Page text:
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LAGOS, Nigeria — First the police targeted the gay men, then tortured them into naming dozens of others who now are being hunted down, human rights activists said Tuesday, warning that such persecution will rise under a new Nigerian law.

The men’s alleged crime? Belonging to a gay organization. The punishment? Up to 10 years in jail under the Same Sex Marriage Prohibition Act, which has elicited international condemnation for criminalizing gay marriage, gay organizations and anyone working with or promoting them.

There were varying accounts of how many arrests were made in Nigeria’s Bauchi state, and a local law enforcement official denied that anyone was tortured. Nevertheless, the aggressive police action shows that Africa’s most populous country is attempting to enforce anti-gay measures that are becoming increasingly common throughout the continent.

In this instance, authorities responded to an unfounded rumor that the United States had paid gay activists $20 million to promote same-sex marriage in this highly religious and conservative nation, according to an AIDS counselor, who spoke on condition of anonymity for fear that he would be arrested.

An officer pretending to be a gay man then joined a group being counseled on AIDS, according to Dorothy Aken’Ova, executive director of Nigeria’s International Center for Reproductive Health and Sexual Rights.

Aken’Ova said police detained four gay men over the Christmas holidays and tortured them until they named others allegedly belonging to a gay organization. She gave no details of what she called torture, but the AIDS counselor said the four men were brutally beaten until they gave up names.

The police have now arrested 38 men and are looking for 168 others, according to Aken’Ova, whose organization is helping provide legal services to the men. The AIDS counselor said he has helped secure bail for some of the 38 detainees. They both said dozens of homosexuals have fled Bauchi in recent days.

Chairman Mustapha Baba Ilela of Bauchi state Shariah Commission, which oversees regulation of Islamic law, said that 11 gay men have been arrested over the past two weeks. He said community members helped “fish out” the suspects and that “we are on the hunt for others.”

Bauchi state has both a Western-style penal code and Shariah, or Islamic law, which is implemented to different degrees in nine of Nigeria’s 36 states. About half of the country’s more than 175 million people are Muslims, the other half Christians.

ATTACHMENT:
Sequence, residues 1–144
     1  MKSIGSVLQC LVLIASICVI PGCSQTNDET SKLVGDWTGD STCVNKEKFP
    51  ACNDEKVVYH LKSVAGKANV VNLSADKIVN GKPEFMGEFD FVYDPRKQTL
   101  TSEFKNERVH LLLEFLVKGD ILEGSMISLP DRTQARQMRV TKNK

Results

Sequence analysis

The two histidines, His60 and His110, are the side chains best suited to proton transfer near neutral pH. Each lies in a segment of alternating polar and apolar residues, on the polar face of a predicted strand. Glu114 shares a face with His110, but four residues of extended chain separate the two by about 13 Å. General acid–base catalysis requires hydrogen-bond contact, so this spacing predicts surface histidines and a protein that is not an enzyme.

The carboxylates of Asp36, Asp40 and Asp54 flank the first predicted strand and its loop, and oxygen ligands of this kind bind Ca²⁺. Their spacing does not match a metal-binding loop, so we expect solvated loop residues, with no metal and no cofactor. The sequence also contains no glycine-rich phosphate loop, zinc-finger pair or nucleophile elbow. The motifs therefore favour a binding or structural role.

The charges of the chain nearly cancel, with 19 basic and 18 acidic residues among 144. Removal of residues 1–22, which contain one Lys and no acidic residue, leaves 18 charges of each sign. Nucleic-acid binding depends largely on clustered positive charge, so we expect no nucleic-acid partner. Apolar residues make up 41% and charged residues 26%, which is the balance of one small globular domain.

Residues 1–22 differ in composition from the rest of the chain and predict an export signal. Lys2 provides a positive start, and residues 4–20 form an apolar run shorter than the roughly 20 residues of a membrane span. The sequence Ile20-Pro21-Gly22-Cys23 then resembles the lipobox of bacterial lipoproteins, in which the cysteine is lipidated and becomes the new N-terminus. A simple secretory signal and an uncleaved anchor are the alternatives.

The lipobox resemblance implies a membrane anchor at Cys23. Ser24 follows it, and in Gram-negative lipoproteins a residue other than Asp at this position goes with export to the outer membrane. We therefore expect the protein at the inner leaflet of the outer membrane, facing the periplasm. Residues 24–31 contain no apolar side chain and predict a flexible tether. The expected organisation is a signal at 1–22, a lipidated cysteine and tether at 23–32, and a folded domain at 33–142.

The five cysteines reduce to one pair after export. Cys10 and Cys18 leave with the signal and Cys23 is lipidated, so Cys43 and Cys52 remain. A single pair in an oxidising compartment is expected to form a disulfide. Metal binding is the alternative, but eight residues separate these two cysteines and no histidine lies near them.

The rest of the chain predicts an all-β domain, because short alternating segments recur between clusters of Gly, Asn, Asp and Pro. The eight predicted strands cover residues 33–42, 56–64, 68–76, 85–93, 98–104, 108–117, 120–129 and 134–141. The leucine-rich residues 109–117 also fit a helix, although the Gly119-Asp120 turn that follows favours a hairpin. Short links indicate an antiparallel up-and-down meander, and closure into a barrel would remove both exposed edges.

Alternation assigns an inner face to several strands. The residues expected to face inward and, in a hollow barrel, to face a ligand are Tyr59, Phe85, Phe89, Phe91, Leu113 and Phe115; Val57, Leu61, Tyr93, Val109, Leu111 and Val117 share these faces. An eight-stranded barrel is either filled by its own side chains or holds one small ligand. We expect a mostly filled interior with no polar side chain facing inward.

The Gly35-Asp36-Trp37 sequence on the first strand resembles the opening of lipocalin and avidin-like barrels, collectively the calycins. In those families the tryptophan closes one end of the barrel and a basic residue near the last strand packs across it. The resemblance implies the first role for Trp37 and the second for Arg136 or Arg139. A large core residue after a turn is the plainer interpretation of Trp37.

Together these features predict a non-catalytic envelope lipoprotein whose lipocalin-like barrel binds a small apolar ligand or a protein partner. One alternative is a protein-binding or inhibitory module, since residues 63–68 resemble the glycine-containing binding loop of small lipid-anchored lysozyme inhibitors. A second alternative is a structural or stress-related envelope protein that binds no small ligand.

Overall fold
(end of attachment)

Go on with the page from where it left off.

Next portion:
Ilela said all 11 arrested - 10 Muslims and a non-Muslim - signed confessions that they belonged to a gay organization, but that some of them retracted the statements in court.

He denied any force was involved.

"They have never been tortured, they have never been beaten, they have never been intimidated," he said.

Nigerian law enforcers are notorious for torturing suspects to extract confessions. They also are known for extorting money from victims to allow them to get out of jail cells.

Shawn Gaylord of Human Rights First, a Washington-based organization, said he was alarmed by the reports of torture and arrests.

"When discriminatory bills like this are passed, we are always concerned that they set the stage for violence and ill-treatment in society even when they are not enforced," Gaylord said in a statement. "But the fact that this law is being enforced so quickly and forcefully demonstrates the full extent of Nigeria’s human rights crisis."

Olumide Makanjuola said lawyers for his Initiative For Equality in Nigeria are backing lawsuits of several homosexuals arrested by police without cause. He said police regularly and illegally inspect the cell phones of gay suspects, then send text messages to lure others.

Then the men or women are told they will be charged and their sexual preferences exposed unless they pay bribes. “Some pay 5,000, some 10,000 naira ($30 to $60). Even though they have done nothing wrong, people are scared, people are afraid that even worse things will happen,” Makanjuola said in a recent BBC News interview.

The new law was passed by the Nigerian Parliament last year but not signed by the president, Goodluck Jonathan, until last week - when he did so quietly and without fanfare. Jonathan’s office confirmed Monday that the Nigerian leader had signed it.

The United States, Britain and Canada condemned the new law, with Secretary of State John Kerry saying Monday that it “dangerously restricts freedom” of expression and association of all Nigerians.

While harsh, Nigeria’s law is not as draconian as a bill passed last month by legislators in Uganda that is awaiting President Yoweri Museveni’s signature. It provides penalties including life imprisonment for “aggravated” homosexual sex. Initially, legislators had been demanding the death sentence for gays.